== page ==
Opposition to £3 million plans to double the size of a Gaywood primary school has been branded “irrational” and “misplaced” by a West Norfolk county councillor.
MP Henry Bellingham, borough councillors and local residents have all spoken out against the proposal to expand the St Martha’s Catholic Primary School in Field Lane in recent weeks.
But, ahead of a Norfolk County Council planning meeting on the issue in Norwich today, Toby Coke, leader of the authority’s UKIP group, has called for the scheme to be approved.
He argued that the opposition of Mr Bellingham and West Norfolk Council’s planning committee, who voted to object to the proposal last month, “appears completely irrational.”
He said there had been a substantial rise in the Catholic population and their needs should be addressed.
He added: “With good Ofsted ratings, local children should not be denied education at a good school.
“It must be remembered that this is the only primary-phase Roman Catholic school in North West Norfolk.
“It is imperative that the Borough Council do not deny local people the denominational education of their choice.”
Mr Coke also said residents’ concerns about increased traffic levels around the site were “misplaced” because of mitigation measures contained in the planning application, such as additional on-site parking for staff, a dedicated drop-off area and a proposal to change the timings of the school day, so they do not clash with other nearby schools.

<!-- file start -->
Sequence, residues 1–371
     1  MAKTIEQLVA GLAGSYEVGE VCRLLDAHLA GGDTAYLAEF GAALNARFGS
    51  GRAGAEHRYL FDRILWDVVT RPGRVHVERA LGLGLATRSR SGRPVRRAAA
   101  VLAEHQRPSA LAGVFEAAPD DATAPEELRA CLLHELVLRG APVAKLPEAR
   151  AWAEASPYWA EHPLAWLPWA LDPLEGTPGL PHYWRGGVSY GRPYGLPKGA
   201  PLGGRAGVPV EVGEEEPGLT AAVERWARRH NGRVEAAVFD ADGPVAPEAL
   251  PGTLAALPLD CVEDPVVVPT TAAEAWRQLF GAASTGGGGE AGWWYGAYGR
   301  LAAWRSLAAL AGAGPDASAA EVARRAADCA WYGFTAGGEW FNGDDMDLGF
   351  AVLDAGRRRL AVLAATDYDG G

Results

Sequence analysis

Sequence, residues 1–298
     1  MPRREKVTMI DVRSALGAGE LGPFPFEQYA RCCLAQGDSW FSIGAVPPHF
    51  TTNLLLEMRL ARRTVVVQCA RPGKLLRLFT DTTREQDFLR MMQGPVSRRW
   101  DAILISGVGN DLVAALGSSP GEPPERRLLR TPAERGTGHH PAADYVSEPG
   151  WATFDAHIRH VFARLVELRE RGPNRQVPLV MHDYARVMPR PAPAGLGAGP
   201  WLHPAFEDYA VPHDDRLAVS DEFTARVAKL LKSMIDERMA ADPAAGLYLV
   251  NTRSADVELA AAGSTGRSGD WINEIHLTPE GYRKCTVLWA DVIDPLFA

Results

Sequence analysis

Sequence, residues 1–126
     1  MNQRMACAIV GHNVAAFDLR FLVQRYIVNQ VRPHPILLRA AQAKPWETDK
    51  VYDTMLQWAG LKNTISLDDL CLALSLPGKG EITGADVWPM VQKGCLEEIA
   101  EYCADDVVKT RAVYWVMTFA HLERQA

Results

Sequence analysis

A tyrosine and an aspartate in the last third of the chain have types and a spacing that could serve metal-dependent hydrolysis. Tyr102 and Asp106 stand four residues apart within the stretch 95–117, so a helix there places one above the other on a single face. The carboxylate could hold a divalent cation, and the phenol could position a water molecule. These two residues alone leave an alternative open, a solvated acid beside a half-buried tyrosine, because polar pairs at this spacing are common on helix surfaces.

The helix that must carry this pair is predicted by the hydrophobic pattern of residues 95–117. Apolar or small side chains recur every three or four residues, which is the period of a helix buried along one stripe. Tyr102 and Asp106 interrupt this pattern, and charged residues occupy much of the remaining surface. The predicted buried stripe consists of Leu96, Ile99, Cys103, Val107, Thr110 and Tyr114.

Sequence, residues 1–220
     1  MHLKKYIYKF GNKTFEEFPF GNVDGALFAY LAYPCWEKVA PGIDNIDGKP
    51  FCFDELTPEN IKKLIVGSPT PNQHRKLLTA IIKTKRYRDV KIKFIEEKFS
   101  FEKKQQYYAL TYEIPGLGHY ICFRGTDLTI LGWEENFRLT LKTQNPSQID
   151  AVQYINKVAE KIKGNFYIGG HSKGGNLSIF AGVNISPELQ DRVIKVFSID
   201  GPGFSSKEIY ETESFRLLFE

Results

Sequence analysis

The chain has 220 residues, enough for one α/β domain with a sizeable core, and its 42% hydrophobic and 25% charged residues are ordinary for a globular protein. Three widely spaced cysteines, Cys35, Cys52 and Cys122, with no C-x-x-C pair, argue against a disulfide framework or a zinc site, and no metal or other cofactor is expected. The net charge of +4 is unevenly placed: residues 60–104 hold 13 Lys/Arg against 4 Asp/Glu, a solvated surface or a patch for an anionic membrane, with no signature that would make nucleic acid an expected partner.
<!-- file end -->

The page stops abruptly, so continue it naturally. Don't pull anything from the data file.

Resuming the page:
But Mr Bellingham hit back and suggested Mr Coke, who is challenging him for the North West Norfolk Parliamentary seat at May’s general election, should talk to local people about the issues.
He said opponents of the plan were not arguing that money for the extra places, which is being provided by the government, was not needed in Lynn.
He added: “They won’t find a single person against the expansion of school places but they won’t find a single person who is in favour of this application.”
Mr Bellingham also repeated his call for a full consultation on the expansion plan and claimed Mr Coke’s comments would only reinforce public perceptions that the county council ignored the views of local people in West Norfolk.
He said: “I’ve always believed in local consultation and local democracy and people lose faith in local democracy if they feel they’re not being listened to.”
Under the current proposals, the school is set to expand by up to 30 pupils per year, with the roll doubling from 210 children in 2013 to 420 by 2021.